The marathon started at 7:30, with the half marathon lined up to start just after. The 10k then started at 8:00 with the 5k starting just after. The size of these events are much smaller than the corporate 5k, which actually makes a more relaxed atmosphere. As this event grows the organisers will need to look at logistics to maintain this atmosphere and keep it running smoothly. With the current numbers (600 for the marathon and about 3-4,000 overall for the day) everything went really well, the pacers lined up and this helped to guide runners to the best place to start. I would suggest that as the event gets bigger waved starts and pens would be needed, but we aren’t there yet.
I immediately had a decent size group form around me to make the sub4 #funbus. I briefly explained how I would be pacing the course and tried to set everyone’s mind at ease, finding out how everyone was feeling. One thing I always try to do is encourage engagement between all the runners around me. The reality is I will be the main person trying to set the pace and keep people motivated, but I am less able to adapt with those around me, having to keep things steady.
By ensuring everyone in the group form a good team ethos it means that everyone can continue to support and motivate each other whether I’m there or not, and this is exactly what they did.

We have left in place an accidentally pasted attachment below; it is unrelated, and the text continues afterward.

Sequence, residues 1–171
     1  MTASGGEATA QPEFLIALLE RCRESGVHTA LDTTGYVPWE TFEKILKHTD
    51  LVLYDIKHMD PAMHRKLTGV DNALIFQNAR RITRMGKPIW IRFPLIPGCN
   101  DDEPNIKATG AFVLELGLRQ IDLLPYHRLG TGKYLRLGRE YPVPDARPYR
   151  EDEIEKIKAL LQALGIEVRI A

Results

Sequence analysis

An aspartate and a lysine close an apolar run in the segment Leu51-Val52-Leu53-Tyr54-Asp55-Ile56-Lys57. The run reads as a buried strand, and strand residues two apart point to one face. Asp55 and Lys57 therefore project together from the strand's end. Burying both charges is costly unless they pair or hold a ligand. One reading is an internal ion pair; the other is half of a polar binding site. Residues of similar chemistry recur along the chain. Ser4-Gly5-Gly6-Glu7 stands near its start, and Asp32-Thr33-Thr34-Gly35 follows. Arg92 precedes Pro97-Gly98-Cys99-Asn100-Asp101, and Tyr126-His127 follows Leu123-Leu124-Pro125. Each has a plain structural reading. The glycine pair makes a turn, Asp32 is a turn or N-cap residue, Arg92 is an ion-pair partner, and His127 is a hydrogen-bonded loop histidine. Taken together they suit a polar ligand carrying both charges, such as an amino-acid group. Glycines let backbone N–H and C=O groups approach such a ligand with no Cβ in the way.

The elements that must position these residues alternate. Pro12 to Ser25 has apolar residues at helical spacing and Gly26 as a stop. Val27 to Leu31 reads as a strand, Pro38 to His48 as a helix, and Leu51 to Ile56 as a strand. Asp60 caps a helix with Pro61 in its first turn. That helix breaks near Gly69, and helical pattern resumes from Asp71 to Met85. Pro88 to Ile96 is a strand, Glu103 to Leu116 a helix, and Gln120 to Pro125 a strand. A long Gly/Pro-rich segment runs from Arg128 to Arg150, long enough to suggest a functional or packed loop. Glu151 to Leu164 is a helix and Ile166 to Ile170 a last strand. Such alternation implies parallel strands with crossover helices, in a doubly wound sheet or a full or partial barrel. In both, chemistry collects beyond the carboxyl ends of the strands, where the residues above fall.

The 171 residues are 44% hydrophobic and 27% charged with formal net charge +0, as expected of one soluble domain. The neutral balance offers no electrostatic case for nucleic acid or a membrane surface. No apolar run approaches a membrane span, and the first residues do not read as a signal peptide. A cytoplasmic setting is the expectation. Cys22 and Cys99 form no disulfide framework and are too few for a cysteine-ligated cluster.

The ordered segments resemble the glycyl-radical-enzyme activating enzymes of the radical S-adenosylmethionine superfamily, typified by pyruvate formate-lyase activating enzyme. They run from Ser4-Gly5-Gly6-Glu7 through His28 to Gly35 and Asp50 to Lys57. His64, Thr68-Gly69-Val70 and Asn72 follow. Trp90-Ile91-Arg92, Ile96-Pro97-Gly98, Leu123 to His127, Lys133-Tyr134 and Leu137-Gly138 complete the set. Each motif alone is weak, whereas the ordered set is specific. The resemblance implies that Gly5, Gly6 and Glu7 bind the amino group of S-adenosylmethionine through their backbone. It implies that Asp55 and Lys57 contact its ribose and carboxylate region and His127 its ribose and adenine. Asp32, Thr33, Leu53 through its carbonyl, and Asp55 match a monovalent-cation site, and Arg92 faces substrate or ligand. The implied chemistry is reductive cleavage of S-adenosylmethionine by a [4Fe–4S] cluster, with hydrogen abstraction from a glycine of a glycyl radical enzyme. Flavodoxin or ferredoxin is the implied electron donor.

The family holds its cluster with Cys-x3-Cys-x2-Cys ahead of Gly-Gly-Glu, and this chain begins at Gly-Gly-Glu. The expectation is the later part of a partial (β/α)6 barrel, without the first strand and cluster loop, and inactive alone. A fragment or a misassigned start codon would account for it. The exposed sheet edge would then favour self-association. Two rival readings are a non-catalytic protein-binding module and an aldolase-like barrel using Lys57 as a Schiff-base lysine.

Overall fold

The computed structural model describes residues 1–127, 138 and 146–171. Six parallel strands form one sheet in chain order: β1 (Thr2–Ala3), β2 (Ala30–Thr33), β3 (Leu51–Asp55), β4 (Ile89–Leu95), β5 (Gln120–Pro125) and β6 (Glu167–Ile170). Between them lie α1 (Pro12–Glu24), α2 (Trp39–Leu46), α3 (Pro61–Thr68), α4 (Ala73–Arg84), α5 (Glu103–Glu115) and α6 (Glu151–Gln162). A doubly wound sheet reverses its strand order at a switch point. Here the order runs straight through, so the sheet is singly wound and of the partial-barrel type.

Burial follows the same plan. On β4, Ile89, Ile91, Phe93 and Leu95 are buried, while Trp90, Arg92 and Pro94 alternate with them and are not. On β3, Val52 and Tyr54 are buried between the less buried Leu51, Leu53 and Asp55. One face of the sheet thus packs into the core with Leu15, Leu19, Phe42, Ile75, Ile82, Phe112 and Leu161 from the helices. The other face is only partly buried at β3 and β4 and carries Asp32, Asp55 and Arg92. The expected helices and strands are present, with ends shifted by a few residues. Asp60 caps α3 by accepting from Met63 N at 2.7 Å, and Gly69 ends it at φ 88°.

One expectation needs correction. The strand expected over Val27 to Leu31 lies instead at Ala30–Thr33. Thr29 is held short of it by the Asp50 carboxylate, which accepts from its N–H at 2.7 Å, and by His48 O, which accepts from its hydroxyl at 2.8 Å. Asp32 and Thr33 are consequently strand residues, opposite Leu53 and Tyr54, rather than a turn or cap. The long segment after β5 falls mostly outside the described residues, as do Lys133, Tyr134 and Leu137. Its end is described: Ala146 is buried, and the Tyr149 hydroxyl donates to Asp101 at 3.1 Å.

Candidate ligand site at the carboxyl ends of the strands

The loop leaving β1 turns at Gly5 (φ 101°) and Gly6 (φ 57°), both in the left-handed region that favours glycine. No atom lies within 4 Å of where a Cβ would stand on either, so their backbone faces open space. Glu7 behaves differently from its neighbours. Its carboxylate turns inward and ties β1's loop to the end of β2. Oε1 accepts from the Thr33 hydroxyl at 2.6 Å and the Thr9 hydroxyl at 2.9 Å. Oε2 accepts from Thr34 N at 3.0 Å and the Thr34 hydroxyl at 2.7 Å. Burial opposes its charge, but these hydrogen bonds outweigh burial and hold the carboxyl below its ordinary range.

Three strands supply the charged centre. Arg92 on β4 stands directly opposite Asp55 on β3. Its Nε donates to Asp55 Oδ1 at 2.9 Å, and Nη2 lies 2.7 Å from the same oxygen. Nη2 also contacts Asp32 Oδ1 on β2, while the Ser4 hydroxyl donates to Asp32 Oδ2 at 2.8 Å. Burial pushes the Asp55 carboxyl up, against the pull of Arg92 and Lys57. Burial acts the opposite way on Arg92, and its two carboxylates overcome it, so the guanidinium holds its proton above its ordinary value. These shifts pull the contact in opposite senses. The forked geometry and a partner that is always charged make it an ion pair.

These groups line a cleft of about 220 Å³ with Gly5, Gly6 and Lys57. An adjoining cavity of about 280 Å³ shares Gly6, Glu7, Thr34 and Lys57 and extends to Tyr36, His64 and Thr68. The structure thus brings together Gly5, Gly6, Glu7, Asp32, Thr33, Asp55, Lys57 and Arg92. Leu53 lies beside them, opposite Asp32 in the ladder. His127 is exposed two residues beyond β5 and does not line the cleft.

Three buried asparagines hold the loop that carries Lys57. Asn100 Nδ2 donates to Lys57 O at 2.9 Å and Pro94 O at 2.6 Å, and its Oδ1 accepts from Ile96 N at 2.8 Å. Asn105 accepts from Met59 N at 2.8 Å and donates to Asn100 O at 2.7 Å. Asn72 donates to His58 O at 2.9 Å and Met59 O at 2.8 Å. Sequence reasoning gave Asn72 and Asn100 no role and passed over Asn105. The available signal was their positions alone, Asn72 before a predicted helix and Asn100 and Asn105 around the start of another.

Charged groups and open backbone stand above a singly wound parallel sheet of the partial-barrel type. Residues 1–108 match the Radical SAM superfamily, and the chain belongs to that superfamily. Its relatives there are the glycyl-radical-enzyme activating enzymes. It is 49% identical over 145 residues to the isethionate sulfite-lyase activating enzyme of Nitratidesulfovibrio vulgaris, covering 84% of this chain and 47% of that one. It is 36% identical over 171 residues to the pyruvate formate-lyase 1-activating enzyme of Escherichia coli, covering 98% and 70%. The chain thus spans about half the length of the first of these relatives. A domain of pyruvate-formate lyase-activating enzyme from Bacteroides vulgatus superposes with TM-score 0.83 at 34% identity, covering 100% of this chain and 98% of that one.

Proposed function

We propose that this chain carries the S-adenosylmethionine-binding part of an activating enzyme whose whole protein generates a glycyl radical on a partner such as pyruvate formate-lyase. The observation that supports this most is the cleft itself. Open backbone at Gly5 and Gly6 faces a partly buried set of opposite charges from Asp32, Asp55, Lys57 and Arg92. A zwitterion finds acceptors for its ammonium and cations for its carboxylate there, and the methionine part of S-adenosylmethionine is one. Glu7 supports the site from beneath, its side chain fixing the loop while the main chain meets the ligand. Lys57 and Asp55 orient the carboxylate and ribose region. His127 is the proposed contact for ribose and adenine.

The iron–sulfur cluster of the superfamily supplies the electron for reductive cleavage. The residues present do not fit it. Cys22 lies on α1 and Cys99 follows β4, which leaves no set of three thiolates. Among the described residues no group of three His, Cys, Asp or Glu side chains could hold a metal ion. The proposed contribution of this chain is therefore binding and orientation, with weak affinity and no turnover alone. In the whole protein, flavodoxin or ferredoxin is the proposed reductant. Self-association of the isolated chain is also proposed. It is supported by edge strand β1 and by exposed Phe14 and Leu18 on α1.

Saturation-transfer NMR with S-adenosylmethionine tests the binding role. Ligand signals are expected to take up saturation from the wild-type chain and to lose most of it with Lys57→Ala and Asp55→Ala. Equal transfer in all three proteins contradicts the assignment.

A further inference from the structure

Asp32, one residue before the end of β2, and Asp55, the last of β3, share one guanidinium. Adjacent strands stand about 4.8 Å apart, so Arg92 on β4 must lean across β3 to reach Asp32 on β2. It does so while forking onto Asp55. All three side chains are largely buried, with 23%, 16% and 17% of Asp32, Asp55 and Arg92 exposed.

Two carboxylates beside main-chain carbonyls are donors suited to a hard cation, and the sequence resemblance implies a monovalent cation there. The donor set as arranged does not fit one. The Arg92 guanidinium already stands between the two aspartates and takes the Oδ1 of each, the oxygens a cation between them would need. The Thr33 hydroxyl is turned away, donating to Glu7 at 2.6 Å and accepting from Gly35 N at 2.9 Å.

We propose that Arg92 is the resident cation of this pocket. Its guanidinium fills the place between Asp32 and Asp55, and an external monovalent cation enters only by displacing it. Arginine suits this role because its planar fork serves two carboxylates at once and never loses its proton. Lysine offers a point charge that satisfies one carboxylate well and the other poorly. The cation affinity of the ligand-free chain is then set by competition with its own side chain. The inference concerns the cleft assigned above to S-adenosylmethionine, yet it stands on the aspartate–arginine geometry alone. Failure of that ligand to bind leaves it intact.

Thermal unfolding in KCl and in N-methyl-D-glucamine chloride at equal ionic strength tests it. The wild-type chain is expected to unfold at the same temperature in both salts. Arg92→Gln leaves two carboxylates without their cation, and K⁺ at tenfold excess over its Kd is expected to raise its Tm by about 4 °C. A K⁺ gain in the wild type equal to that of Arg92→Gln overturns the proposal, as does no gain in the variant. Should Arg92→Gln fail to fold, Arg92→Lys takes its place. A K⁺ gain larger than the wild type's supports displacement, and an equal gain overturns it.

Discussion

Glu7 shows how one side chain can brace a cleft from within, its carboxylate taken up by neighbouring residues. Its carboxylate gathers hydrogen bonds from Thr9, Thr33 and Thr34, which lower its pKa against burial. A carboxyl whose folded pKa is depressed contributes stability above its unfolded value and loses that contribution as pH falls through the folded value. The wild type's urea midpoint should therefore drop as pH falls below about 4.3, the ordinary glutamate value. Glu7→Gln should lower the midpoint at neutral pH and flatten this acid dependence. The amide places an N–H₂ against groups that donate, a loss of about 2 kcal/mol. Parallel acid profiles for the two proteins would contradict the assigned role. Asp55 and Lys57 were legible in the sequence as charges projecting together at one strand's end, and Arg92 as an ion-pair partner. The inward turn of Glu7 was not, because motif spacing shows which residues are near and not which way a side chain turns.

What a location for a run, this picture taken by a drone captures in one shot why I love to run in Limassol. This year it was much warmer than in 2017, far removed from the snow being experienced in the UK. The early start meant we had a slightly cooler beginning, with a strong wind in places creating a welcomed breeze. All events start and finish in the same place, and all events apart from the marathon carry on in the same direction, before turning to come back. That is it, a simple out and back route along the main road parallel to the sea. The marathon however takes a left turn taking you on a winding road out to the Mall. This year they extended the course beyond the Mall in exchange for the loop whilst on the return stretch. This section is less scenic but definitely a good replacement, and well placed at the beginning of the event.
We paced the first 10k in what felt like no time. The whole group that started with me had stayed with me and the splits were perfect within a couple of seconds of each other each kilometre. The markers were perfectly spaced and everyone was having a great time. I had a few with me from #ukrunchat including John who had broke 4 with me at Berlin and was looking for more, Jonathon who had run Birmingham with me but not managed sub4 so was after it for the first time, and Drew who was running his first marathon. We also had Bunty from #Runmummyrun looking to break 4 for the first time, along with a handful of other runners.